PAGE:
Honey Bee Characteristics

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A remarkable insect, the impressive honey bee characteristics that we appreciate have developed over millions of years. They boast a complex social structure and have special adaptions that help them function. Through pollination, they help plants make fruit and seed and they pollinate many of the crops that we use for food. And, everyone knows that bees make delicious honey. So, let’s really get to know-the honey bee. What makes the characteristics of honey bees so interesting?

Honey bees in hive showing the common characteristic of sharing food..

Honey bees are one of the most recognizable insects in the world. In fact, there are several different types of honey bees – in regards to race or breed. But, there are actually several different species too. While they may be different in some ways – these bees do share some common traits.

Unique Characteristics of Honey Bees

The honey bee we are most familiar with (Apis mellifera – also called the Western Honey Bee). Those black honey bees were rather feisty but provided pollination and honey for early colonists in North America.

Like all bees – they have 3 major body parts (head, thorax, abdomen), bees have 6 legs and 2 pairs of wings. These are the basic bee facts we all learn in school. But, honey bees have characteristics that distinguish them from the rest of the buzzing crowd.

  • social behavior
  • hive construction
  • communication and navigation
  • unique adaptions

Social Behavior

Honey bees live in large, highly organized colonies, with a complex social structure. This is different than most bees which are solitary insects.

The honey bee family consists of three types of bees in the hive: queen, workers and drones. Each member has a designated role to play.

Two images of queen bee and worker bees together showing the different visual characteristics of size.


One of the most common facts about queen bees – she is the central figure in the hive. Normally, a colony has only 1 egg-laying queen at a time. If she begins to fail, the workers will kill the queen and make a replacement.

Why is she so important? The primary role of the queen is to lay eggs. In good conditions, she can lay thousands of eggs in a day.

Another important characteristic of honey bee queens is pheromone production. These external hormones assure the colony that a queen is present and doing her job.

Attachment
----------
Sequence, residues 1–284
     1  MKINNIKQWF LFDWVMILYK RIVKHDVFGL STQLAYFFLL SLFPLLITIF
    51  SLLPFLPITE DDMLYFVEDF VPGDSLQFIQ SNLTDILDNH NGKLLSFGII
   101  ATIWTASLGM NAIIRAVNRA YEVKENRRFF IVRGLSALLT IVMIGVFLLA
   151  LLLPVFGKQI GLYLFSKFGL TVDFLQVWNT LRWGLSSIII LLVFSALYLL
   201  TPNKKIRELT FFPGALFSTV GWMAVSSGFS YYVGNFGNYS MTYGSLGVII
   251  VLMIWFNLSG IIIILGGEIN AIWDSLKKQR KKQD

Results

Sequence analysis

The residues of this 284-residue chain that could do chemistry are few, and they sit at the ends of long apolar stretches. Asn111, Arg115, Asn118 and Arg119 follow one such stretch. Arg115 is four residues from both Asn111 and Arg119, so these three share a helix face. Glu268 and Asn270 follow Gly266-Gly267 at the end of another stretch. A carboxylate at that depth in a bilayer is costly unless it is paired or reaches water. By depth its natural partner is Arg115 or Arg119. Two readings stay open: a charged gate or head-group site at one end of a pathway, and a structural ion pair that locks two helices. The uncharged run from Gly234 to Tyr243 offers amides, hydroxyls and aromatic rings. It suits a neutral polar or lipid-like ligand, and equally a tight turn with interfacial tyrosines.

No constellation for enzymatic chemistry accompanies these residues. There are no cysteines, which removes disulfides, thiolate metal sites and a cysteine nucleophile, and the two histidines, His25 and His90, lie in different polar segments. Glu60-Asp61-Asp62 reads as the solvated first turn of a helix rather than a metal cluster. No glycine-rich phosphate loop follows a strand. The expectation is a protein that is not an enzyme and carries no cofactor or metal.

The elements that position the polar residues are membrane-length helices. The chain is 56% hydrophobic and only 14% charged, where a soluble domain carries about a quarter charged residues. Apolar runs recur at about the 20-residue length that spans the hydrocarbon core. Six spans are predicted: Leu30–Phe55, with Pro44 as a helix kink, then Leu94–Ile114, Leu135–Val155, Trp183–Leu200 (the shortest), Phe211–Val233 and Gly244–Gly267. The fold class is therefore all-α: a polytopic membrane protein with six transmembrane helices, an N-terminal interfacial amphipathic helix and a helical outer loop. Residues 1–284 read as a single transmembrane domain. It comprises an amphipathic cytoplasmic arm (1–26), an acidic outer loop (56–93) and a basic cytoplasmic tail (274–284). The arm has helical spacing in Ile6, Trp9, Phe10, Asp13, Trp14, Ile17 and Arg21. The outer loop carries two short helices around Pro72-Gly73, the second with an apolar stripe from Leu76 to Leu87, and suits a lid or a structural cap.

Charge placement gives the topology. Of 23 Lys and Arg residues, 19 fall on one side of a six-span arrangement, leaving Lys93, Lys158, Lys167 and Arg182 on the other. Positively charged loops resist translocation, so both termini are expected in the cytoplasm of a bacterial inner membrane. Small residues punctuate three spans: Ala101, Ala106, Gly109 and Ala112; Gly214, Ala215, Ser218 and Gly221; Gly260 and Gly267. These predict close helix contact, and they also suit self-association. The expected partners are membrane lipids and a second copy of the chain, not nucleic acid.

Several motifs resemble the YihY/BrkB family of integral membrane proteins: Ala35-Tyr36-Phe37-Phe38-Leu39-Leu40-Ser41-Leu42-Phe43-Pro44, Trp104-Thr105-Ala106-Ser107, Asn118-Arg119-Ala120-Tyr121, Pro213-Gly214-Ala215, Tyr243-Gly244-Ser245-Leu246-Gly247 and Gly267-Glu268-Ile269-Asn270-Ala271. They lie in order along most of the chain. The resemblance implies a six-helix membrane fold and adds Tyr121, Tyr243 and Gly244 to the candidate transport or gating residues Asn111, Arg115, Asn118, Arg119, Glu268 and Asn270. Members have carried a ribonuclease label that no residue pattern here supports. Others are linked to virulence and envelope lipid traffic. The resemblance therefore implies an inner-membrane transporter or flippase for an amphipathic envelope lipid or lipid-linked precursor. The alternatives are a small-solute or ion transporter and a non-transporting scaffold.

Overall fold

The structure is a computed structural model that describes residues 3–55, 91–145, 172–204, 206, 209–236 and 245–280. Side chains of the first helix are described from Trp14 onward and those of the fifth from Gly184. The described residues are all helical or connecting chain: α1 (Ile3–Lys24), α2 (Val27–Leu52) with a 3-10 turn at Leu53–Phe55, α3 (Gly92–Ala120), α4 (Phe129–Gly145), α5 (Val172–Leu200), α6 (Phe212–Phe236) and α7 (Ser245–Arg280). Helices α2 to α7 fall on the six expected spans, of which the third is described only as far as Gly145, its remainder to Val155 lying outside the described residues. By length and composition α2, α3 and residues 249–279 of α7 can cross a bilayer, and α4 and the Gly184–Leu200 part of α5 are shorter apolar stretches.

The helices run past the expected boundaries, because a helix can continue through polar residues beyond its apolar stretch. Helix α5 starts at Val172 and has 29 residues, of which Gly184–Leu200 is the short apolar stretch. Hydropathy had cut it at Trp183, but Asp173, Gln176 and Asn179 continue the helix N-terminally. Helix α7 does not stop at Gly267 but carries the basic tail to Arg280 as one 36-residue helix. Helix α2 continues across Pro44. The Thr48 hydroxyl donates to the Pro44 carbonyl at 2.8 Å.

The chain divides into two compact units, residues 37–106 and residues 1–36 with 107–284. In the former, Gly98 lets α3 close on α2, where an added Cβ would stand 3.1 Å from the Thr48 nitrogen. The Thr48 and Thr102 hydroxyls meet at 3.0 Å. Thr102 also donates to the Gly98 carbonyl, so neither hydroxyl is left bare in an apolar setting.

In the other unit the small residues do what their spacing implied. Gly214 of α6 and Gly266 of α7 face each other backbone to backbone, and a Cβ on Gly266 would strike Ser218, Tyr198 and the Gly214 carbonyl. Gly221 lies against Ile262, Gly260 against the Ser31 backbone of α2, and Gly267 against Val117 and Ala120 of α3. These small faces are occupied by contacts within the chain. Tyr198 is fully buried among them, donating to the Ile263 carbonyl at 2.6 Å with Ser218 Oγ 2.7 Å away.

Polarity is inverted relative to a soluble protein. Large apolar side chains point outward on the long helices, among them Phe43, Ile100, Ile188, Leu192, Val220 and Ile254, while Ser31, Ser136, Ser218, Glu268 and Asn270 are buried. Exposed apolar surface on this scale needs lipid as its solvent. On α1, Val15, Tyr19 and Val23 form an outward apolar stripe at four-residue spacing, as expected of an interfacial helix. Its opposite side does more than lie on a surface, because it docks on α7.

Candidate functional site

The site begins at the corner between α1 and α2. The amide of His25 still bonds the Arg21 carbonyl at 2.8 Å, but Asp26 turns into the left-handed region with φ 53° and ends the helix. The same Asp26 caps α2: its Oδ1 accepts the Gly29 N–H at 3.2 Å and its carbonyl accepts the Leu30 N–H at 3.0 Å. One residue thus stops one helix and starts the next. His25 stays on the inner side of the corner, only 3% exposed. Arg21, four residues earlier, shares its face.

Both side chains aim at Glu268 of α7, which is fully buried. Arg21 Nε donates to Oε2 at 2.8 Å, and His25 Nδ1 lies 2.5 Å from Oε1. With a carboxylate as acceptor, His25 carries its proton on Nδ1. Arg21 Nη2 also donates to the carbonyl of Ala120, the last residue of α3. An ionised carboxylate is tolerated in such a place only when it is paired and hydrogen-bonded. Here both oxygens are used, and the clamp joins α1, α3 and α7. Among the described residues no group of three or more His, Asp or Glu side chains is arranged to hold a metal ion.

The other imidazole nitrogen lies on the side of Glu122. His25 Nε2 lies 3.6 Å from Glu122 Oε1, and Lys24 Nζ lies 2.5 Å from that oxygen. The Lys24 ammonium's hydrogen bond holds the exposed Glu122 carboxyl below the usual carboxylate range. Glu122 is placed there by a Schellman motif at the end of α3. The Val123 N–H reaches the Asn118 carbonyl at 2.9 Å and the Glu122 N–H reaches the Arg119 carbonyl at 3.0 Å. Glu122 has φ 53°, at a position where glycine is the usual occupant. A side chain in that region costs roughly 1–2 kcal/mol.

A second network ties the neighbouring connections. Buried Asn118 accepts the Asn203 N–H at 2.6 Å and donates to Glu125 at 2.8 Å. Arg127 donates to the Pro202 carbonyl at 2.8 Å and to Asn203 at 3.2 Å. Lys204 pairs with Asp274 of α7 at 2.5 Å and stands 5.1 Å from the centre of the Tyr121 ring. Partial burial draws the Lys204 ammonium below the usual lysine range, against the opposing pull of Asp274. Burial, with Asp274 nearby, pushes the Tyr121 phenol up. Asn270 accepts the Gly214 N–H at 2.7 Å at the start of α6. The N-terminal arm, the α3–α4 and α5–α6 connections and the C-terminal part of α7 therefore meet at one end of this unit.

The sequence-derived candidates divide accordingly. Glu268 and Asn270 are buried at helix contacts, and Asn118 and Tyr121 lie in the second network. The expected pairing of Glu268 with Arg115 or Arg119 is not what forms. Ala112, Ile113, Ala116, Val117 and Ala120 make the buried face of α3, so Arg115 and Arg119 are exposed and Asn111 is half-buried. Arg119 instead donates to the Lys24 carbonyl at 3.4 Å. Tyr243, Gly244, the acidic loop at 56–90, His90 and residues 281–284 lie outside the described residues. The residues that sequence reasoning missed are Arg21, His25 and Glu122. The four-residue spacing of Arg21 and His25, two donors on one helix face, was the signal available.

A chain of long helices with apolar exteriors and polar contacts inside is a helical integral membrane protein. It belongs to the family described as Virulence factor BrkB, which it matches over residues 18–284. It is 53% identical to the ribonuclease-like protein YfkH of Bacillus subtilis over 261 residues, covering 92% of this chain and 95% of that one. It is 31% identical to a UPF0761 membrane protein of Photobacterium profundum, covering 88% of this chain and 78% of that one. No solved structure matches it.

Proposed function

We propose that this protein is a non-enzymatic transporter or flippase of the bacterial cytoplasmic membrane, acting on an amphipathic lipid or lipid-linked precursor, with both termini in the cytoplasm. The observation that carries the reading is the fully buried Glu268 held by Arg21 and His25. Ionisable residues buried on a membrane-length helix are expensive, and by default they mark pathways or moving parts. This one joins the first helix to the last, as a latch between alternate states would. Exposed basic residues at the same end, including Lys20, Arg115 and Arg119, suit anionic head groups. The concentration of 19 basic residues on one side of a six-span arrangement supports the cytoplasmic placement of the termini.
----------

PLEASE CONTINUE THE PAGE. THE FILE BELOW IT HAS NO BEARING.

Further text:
Most of the bees in a hive are females. Yep, like the queen – workers are girls too and they are the most populous members of the colony. It is not uncommon for a hive to boast upwards of 60,000 members during Summer.

They gather needed resources, build beeswax comb and protect the hive from predators. These non-reproductive females also serve as nurses bees.

They feed royal jelly and brood food to baby bees that are not their own offspring. Not a unique characteristic that applies only to honey bees – but an interesting fact.

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A special characteristic of honey bees is the workers ability to switch from one task to another. They do not perform only one task during their lifetime. Tasks naturally change as the bee ages.

But, also the job performed varies depending on the needs of the colony. If all of the foraging bees are killed by pesticides, workers on other tasks will become foragers.

Drone honey bee with large eyes.


Drones are the male bees in a colony. Their sole function is to be available to mate with new virgin queens. Normally only present in the hive during Summer – drones have a short lifespan.

Because their role is limited to bee reproduction, drones do not have a stinger. They are not involved in colony defense and do not need one.

Hive Construction

Most insects collect plant materials for nest building. But, a unique characteristic of honey bees is that they produce the materials for nest building with their own bodies.

Young adult workers have special wax glands on the underside of their abdomen. These glands produce thin scales of beeswax that is used to construct the honeycomb structure of the hive.

Communication in Honey Bees

With thousands of family members, it should come as no surprise that communication is important. Thankfully, honey bees have a couple of ways to share messages with other members of the hive and to get to where they need to be.

Bee Dances

When a foraging bee finds a rich source of food, she returns to the hive to tell her sisters. How does she do this? She dances on the comb.